Grab a quick sweet at Arizmendi Bakery, or have a hearty sit down brunch at Lynn & Lu’s Escapade Cafe. Highly recommended options for lunch and dinner are everywhere. Spettro’s, Camino and Boot & Shoe Service (also great for morning coffee) are all wonderfully relaxed. Try some raved-about high-end cuisine at Penrose, or the popular sushi houses Mijori and Coach.

Work off that gastronomical surfeit by ambling along the shore of the lake or head to Splash Pad Park, where people from all over the Bay Area gather on Saturdays for one of the best farmer’s markets around. The path all the way around the lake is just over three miles and along the way there is plenty to visit, like the Rotary Nature Center, Children’s Fairyland, the Sailboat House and much more. The picturesque Morcom Rose Garden on Jean Street is a hidden treasure when you feel like soaking up a bit of tranquility.

A visit to the Grand Lake Theatre on Grand Avenue is not to be missed. The movie palace is an area landmark whose architecture lives up to its name. Catch a show on a Friday or Saturday and the Mighty Wurlitzer organ majestically rises from the floor to give a mini-concert before the film begins.

This is a district with balance. The stimulation and fun of city life is ready for you to pick your pleasure but, for those moments when you find yourself drained and in need of refueling, the lake is waiting.

Located on the waterfront, Jack London Square, an urban oasis, boasts more than 30 restaurants, an array of national and local retailers, cinemas, a jazz club, lively weekend farmer’s and artisan’s markets, and plenty of options for a picturesque stroll. Be sure to stop by Yoshi’s, Everett & Jones, The Fat Lady or Bocanova.

Rich in local history and turn-of-the-century architecture, the eclectic mix of Jack London Square’s real estate includes brick and timber warehouses, converted lofts, dazzling new residential high-rises, and dozens of visually arresting modern homes, many with water and bridge views. Former mayor of Oakland, Jerry Brown, was a long-time resident and familiar face in the neighborhood.

Just minutes off I-880, Jack London Square is a central location for those who work in San Francisco but don’t want to pay San Francisco prices for a home. Easy access to public transportation, including ferries, BART and Amtrak, make it extra appealing and a time-saver for commuters. On most game days for the San Francisco Giants the commuter ferry to San Francisco makes a special run from its Jack London berth directly to AT&T Park. It’s a relaxed and scenic way to get out to the ball game without traffic or parking headaches.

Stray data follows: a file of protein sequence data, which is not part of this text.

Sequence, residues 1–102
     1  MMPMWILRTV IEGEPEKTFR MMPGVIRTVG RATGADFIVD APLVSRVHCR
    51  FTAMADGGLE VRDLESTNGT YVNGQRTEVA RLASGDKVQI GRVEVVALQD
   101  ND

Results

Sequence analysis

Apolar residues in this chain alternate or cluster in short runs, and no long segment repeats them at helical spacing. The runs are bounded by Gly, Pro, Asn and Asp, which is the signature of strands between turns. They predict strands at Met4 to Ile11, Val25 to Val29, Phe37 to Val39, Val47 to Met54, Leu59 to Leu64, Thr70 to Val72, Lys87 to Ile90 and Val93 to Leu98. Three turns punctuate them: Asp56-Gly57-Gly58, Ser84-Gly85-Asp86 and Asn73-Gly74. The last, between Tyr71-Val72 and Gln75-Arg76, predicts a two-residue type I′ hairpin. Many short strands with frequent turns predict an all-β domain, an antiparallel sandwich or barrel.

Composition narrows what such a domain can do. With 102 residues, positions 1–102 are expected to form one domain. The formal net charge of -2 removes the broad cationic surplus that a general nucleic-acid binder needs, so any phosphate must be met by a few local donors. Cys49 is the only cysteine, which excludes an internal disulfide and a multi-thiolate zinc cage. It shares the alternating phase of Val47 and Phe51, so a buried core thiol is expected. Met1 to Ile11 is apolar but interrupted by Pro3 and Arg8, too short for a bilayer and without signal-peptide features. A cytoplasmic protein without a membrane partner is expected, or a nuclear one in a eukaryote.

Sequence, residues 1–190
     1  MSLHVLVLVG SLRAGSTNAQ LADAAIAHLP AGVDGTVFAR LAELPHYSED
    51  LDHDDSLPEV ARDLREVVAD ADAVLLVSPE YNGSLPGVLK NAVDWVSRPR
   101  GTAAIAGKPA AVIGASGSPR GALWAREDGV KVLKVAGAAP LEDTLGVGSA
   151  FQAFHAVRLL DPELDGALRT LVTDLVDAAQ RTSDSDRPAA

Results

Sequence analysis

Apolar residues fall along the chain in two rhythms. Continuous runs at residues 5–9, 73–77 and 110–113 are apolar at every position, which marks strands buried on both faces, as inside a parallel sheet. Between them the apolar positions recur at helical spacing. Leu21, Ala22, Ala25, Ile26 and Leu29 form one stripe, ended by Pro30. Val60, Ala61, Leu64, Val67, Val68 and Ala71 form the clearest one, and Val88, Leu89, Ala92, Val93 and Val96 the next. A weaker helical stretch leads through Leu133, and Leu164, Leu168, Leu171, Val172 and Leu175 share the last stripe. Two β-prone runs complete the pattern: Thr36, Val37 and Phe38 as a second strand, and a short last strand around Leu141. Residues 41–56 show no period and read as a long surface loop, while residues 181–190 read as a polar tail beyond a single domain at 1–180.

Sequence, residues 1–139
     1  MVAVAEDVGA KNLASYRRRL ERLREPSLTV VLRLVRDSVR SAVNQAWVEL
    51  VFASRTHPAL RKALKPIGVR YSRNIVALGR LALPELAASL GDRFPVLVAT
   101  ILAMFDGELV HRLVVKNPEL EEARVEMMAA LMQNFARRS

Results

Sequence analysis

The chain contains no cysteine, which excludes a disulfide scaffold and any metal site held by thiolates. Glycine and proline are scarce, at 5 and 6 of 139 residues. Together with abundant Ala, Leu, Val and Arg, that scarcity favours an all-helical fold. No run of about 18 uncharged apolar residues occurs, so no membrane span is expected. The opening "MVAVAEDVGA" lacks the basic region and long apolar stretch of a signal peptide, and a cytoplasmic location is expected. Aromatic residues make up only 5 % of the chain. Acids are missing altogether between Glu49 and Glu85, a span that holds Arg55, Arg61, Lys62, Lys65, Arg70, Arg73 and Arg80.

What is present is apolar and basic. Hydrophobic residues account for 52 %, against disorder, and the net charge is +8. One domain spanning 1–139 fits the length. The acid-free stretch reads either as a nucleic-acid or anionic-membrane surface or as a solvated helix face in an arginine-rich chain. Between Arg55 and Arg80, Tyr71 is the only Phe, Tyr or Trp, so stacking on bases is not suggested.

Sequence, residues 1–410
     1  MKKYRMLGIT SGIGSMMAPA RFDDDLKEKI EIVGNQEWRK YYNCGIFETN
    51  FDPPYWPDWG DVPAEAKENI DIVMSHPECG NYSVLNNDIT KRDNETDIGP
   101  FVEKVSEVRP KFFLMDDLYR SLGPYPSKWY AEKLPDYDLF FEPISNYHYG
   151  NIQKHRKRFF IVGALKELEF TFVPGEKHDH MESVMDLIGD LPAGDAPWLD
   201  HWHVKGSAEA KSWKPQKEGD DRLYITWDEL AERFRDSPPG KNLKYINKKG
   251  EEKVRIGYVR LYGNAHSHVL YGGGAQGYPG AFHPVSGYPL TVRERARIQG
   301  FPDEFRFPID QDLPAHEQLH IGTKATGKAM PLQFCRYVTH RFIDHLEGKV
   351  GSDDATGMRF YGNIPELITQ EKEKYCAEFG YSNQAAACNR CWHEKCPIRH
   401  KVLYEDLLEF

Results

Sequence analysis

Lakeside’s real estate is located in Oakland’s Gold Coast district, crowning the lake with stunning period and modern architecture. Visit the lake and watch as crew teams race, gondolas glide by, and joggers and walkers do their daily 3.4 mile circuit. Or, for a bit of local history, visit Oakland’s Museum of California and the Terrace Room at the Lake Merritt Hotel, a 1927 art deco wonder.

An important stop on the Pacific Flyway, Lake Merritt is home to the exotic black-crowned night heron, Canadian geese, ruddy ducks, snowy egrets, buffleheads, great blue herons and more. Named America’s first wildlife sanctuary in 1869, the tidal estuary is also a stop-over for thousands of unique migratory birds.

A popular stop for those without wings is Lake Chalet Seafood Bar & Grill, a converted boat house built right on the lake’s edge with serene views of the water, the birds, and the passing gondolas.

Maxwell Park is a quiet, friendly neighborhood of small winding streets nestled in the leafy Oakland foothills above High Street and west of Mills College. Cited by the San Francisco Chronicle as a place where home values recently doubled nearly overnight at the height of the real estate boom, Maxwell Park’s real estate continues to be a popular place to live the bucolic bungalow life style.

Maxwell Park, originated by namesake and developer John P. Maxwell, began to grow in the early 1920s. The ’30s and ’40s saw a majority of development, with a leaning toward modest 2-3 bedroom residences in various styles including Spanish, English Tudor and traditional homes. Many of the Craftsmen bungalows boast the similar charming details of homes found in Oakland, Berkeley and Albany.

The neighborhood uniquely benefits from its proximity to the adjacent 135 wooded acres of Mills College. This historic women’s college established in 1852 is not just picturesque, it offers many cultural opportunities to the public including concerts and art exhibitions. In keeping with its initial mission of training teachers, the Mills campus also contains a children’s school, preschool, and summer camp. Although a private institution, admission is open to the public.